First ever global study on smuggling of migrants: UNODC

First ever global study on smuggling of migrants: UNODC

The UN office of Drugs and Crime (UNODC) released the first ever Global Study on Smuggling of Migrants which stated that at least 2.5 million migrants were smuggled during the course of 2016.

The UNODC study stated that migrant smuggling occurred in all parts of the world. It led to generation of income up to $7 billion – equivalent to the amount the United States or the European Union spent on humanitarian aid that year.

"This transnational crime preys on the most vulnerable of the vulnerable," said Jean-Luc Lemahieu, UNODC Director of Policy Analysis and Public Affairs. "It's a global crime that requires global action, including improved regional and international cooperation and national criminal justice responses," he added.

The study describes 30 major smuggling routes worldwide. It unveils that demand for smuggling services is particularly high among refugees who, for lack of other means, may need to use people-smugglers to reach a safe destination fleeing their countries of origin.

According to the UN migration agency IOM, smuggling results in thousands of deaths each year. The smuggled migrants often die of drowning. Others are either killed in accidents or succumb to the extreme weather conditions. Some migrants have even been murdered along smuggling routes, or are vulnerable to a range of other crimes, including violence, rape, kidnapping and trafficking in persons. The Mediterranean is the deadliest route, accounting for around 50 per cent of the total number of deaths.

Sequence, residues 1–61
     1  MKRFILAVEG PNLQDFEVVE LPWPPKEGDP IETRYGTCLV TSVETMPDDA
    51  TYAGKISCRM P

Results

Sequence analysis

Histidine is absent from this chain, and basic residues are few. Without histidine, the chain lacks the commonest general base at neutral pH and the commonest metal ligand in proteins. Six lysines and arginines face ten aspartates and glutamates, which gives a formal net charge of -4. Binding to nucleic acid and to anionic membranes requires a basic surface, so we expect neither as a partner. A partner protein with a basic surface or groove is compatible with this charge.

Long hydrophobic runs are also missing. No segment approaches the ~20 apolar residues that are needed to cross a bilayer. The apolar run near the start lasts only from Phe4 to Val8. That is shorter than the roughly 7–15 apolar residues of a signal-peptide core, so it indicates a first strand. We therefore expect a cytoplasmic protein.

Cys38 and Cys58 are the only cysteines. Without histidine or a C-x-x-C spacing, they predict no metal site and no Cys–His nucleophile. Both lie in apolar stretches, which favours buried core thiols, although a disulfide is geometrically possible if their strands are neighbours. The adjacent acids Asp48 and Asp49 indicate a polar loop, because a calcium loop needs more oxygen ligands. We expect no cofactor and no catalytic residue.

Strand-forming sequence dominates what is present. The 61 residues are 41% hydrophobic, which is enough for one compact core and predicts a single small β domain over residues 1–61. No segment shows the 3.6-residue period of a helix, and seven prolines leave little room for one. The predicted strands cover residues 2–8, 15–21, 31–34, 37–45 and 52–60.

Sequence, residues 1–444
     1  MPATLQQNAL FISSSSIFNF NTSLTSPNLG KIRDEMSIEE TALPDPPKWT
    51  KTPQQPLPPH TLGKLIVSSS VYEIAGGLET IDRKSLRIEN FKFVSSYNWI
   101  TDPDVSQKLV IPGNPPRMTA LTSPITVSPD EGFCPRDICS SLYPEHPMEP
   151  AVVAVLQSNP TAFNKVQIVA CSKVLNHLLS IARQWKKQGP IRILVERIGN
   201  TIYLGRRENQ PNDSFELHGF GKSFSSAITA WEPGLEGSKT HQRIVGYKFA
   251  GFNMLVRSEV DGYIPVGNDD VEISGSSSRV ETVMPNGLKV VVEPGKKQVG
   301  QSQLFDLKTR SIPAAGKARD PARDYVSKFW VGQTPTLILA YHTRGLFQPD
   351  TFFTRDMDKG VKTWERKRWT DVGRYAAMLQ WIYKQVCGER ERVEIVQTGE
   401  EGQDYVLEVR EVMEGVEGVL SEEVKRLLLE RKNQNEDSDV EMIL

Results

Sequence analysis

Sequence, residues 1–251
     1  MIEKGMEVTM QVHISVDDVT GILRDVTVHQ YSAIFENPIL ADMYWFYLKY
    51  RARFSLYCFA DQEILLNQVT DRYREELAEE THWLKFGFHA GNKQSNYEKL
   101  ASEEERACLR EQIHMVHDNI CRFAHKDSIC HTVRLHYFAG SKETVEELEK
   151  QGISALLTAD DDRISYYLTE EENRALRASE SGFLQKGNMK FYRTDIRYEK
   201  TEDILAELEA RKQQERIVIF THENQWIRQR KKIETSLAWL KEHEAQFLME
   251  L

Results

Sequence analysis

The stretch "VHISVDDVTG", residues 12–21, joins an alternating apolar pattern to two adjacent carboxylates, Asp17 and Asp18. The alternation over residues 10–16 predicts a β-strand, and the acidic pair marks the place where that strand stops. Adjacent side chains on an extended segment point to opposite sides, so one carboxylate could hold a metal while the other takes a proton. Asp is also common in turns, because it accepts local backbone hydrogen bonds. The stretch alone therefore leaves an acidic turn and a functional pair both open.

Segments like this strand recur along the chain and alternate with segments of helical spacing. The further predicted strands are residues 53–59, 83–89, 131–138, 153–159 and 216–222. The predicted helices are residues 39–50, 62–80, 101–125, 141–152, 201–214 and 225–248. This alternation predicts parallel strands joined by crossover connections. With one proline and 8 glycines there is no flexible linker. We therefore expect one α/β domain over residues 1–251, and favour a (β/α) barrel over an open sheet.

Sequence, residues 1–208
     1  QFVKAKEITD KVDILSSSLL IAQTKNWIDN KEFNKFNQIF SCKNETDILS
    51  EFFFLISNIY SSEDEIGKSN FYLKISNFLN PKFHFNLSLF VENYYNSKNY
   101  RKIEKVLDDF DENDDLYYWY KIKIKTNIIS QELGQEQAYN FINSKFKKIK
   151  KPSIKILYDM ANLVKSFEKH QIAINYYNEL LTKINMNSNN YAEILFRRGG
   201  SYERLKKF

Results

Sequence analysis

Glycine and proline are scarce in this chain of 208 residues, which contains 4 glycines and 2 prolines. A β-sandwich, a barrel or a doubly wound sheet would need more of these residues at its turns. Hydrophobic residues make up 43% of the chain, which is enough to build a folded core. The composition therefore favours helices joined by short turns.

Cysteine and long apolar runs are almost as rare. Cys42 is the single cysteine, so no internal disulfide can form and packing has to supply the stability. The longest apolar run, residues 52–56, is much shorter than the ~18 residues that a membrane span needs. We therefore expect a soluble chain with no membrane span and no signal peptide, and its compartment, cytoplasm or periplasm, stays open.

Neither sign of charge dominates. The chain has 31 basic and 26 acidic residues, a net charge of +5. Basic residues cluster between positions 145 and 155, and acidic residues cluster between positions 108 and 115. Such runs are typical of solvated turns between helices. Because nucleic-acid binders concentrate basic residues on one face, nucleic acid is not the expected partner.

Over the years international migration has become become a very common and complex phenomenon. Thousands of migrants are smuggled from one country to other. Although smuggling migrants is an illegal act, thousands of migrants use this way to escape to other countries.

According to the UNODC :Migrant smuggling affects almost every country in the world. It undermines the integrity of countries and communities, and costs thousands of people their lives every year. Migrant smugglers constantly change routes and modus operandi in response to changed circumstances often at the expense of the safety of the smuggled migrants.

The UN data suggests that many smuggling routes include unaccompanied or separated children, who might be particularly vulnerable to deception and abuse by smugglers and others.

According to the report, smuggling networks often engage in systematic corruption ranging from the local to the international level, and operate a range of schemes, including fake marriages or employment rackets; counterfeiting travel documents and the corruption of senior officials.


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